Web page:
Ifan Morgan Jones
There was some anger amongst keen followers of Welsh politics over the last week at the lack of coverage in the British media of Mark Drakeford’s election as the new First Minister for Wales.
His election win over Vaughan Gething and Eluned Morgan last week barely grazed the BBC News front page, accorded less prominence than Lady Gaga’s nomination for a Golden Globe.
Meanwhile, his election as First Minister and inauguration this week was barely covered at all.
On the face of it, this is a big problem as the people of Wales depend primarily on British media for their news. In 2016, only 4% in Wales read the Western Mail but 16% read the Daily Mail.
It is no wonder that there is widespread ignorance about devolution, with one poll in 2014 famously revealing that fewer than half knew that the Welsh Government was in charge of health.
But when the British media do attempt to cover Welsh devolution you are reminded why it may not be that good an idea after all.
Yesterday the website of journalist Paul Staines, better known as Guidio Fawkes, took aim at Mark Drakeford’s new cabinet, declaring that Wales was now a “Corbynista oblast”.
The article itself is full of contradictions – it attacks Drakeford for getting rid an administration than the same Guido Fawkes site has attacked for months for allegedly playing a role in the tragic death of Carl Sargeant.
The article got the situation completely wrong. In fact, what was notable about Mark Drakeford’s new cabinet was the lack of a big lurch to the left.
Vaughan Gething and Ken Skates, who are about as centrist as can be in the current Labour party, retained the key roles of economy and health.
The only particularly politically noteworthy change was the promotion of Llanelli AM Lee Waters to deputy Minister for Economy and Transport, which suggests that the M4 bypass black route has gone the way of the dodo.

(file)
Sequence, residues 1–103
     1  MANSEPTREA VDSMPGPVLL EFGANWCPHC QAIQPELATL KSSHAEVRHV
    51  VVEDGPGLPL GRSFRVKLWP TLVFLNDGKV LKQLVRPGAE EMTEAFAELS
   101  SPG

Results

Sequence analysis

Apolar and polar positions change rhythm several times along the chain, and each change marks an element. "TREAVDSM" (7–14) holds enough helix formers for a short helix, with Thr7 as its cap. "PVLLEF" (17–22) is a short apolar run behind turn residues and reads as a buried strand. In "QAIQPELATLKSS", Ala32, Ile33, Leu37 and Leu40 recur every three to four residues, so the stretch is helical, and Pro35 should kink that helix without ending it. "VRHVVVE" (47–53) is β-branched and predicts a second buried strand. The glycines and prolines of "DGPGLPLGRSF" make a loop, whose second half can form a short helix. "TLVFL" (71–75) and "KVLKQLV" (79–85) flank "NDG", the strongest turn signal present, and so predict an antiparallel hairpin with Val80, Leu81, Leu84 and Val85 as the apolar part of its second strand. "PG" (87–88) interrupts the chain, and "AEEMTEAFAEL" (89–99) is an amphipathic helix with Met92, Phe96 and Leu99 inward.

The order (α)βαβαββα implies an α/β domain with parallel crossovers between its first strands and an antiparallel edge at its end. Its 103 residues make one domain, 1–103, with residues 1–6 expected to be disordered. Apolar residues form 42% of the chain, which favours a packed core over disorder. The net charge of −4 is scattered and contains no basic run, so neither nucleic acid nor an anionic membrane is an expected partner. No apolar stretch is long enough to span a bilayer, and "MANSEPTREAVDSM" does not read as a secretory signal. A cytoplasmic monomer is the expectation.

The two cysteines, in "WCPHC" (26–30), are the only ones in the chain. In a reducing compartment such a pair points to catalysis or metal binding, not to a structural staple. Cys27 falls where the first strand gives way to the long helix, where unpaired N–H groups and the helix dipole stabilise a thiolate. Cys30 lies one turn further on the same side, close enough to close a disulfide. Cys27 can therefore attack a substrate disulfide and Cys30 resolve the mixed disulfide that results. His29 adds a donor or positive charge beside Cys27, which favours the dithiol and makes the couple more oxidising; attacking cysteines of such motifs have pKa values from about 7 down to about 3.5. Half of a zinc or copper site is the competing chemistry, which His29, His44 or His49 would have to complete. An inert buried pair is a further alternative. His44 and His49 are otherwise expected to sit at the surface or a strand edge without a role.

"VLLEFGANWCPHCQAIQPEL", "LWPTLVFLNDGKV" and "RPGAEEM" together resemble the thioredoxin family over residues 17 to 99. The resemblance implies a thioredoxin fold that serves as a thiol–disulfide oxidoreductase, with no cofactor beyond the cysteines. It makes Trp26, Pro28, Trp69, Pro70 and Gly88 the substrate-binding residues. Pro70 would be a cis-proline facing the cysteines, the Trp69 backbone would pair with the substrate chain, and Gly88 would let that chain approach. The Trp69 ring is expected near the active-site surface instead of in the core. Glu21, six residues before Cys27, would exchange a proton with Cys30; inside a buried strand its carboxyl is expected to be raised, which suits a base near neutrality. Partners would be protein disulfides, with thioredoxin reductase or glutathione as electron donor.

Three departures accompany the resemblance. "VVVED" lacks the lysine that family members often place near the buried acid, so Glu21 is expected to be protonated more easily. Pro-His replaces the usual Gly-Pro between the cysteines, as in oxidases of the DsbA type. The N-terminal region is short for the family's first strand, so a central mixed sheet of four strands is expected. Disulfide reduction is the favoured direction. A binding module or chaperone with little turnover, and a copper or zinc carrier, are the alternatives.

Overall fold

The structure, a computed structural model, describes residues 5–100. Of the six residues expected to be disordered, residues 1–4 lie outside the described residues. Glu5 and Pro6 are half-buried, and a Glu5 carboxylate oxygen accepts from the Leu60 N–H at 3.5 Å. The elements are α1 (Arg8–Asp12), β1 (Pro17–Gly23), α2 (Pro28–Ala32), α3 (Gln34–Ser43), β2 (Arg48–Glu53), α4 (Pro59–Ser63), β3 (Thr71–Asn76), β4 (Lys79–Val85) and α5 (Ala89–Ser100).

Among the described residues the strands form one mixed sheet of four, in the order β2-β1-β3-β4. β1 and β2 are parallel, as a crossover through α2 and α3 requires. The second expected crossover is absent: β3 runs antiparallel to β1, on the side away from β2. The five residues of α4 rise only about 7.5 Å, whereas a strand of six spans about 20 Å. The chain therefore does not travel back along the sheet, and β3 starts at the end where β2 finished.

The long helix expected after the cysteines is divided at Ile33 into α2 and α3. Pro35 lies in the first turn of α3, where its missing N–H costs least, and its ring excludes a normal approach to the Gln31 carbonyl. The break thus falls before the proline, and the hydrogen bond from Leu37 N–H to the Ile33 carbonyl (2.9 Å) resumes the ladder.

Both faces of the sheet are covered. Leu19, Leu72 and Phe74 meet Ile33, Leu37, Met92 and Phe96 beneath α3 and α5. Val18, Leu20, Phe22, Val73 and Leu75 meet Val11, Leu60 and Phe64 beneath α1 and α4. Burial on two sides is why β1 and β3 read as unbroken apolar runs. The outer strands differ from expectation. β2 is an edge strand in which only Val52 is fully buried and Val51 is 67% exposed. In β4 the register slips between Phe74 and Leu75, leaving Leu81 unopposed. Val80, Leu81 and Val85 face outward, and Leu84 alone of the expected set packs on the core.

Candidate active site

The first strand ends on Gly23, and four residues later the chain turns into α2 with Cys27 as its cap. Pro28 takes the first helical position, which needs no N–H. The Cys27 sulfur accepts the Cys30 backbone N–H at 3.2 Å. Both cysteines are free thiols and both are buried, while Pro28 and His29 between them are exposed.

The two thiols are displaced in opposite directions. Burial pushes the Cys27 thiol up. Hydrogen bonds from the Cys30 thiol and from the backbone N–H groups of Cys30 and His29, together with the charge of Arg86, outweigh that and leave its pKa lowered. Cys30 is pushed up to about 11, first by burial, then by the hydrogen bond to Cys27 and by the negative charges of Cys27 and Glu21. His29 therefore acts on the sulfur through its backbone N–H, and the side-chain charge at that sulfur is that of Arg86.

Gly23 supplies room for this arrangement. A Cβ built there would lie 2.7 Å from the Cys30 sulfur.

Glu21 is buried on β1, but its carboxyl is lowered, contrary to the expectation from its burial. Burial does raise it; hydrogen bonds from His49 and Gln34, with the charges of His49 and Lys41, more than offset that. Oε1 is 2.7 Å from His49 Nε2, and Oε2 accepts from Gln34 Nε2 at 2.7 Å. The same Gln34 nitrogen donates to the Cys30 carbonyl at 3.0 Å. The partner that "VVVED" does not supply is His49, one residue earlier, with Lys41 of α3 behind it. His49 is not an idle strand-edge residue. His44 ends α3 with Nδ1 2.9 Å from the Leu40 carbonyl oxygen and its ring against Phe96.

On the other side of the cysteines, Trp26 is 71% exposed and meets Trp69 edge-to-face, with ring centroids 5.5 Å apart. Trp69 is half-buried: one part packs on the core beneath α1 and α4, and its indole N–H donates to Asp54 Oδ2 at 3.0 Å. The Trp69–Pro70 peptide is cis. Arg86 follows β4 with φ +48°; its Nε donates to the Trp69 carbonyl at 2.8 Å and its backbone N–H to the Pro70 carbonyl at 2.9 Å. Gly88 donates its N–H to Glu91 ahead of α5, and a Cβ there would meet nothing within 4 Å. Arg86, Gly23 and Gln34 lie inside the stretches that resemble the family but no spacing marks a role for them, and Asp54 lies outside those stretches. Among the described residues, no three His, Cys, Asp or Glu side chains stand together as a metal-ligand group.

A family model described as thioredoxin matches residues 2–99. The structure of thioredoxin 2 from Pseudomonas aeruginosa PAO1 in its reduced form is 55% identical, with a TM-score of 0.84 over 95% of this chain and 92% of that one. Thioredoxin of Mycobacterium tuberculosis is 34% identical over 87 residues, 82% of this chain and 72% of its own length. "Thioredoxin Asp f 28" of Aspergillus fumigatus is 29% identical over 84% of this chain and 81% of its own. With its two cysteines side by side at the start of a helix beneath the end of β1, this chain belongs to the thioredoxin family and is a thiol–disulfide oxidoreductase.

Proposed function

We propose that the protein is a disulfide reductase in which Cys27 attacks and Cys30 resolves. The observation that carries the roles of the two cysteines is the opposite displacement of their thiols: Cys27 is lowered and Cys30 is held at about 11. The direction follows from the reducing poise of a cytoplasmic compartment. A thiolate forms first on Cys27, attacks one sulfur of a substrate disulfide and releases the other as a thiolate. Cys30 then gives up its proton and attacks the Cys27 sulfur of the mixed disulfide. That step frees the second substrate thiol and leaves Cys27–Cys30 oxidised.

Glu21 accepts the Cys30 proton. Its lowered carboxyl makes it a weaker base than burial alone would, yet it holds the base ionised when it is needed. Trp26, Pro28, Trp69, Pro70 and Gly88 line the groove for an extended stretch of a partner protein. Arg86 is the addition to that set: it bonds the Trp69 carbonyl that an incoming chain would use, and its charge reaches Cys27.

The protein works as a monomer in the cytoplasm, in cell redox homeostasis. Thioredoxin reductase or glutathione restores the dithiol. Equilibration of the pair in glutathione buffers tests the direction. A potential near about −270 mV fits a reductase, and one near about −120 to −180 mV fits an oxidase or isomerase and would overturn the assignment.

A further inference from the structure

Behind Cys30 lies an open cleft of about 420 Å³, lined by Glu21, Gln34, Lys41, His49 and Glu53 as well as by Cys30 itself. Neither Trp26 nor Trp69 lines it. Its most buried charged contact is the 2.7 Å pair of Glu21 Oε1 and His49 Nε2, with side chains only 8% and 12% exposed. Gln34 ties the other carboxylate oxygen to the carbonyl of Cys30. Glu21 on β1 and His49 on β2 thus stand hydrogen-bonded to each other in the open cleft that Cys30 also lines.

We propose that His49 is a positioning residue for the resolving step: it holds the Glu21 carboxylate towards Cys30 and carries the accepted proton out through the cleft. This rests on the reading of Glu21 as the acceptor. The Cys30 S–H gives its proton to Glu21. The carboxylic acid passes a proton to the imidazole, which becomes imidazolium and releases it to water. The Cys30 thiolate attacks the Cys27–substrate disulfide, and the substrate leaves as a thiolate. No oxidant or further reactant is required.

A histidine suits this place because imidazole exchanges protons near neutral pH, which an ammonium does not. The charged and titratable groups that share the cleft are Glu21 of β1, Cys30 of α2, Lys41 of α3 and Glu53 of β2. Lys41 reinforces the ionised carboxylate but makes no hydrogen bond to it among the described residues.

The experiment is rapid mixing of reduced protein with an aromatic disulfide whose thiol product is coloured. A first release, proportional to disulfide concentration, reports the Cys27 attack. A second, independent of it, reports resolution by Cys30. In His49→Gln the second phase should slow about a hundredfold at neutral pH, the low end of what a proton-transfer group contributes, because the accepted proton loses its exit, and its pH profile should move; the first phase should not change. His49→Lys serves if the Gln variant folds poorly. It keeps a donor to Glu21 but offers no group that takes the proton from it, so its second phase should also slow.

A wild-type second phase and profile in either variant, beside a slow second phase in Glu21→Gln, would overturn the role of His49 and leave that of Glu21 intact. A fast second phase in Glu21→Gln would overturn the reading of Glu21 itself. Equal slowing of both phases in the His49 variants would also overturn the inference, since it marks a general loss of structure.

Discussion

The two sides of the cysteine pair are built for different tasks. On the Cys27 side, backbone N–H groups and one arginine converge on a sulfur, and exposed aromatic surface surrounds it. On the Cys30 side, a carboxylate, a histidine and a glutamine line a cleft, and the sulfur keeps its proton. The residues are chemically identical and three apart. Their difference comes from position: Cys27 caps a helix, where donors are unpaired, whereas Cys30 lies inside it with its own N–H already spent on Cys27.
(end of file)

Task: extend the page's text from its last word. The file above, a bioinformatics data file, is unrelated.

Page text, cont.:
But the veracity or otherwise of Guido Fawkes’ story isn’t the point, of course. In the hands of the British media, Wales would just become a political football in the ongoing Westminster war between Labour and the Tories.
There is no real incentive for British media to pay any attention to Wales. Our status as one of four nations in the UK hides the fact that our population is less than 5% of the UK.
We’re also a relatively poor country so have little to offer the advertisers that ultimately pay journalists’ wages.
This means that the only incentive British media have to pay attention to Wales is when we can be used, or misused, as part of a narrative that appeals to more populated and wealthier parts of the country.
What this will mean in reality is Mark Drakeford’s left-wing Wales becoming a convenient punchbag for London’s right-leaning media.
So, what’s worse – the people of Wales not being informed by the British media, or being completely misled about what is going on? I’d argue the latter.
Ideally, however, we’d be able to challenge the tide of misinformation coming over Offa’s Dyke and ensure that the people of Wales are informed about what goes on in their own country.
Which is why the focus should be less on begging for attention from London’s media and more on strengthening our home-grown Welsh political media as much as possible.
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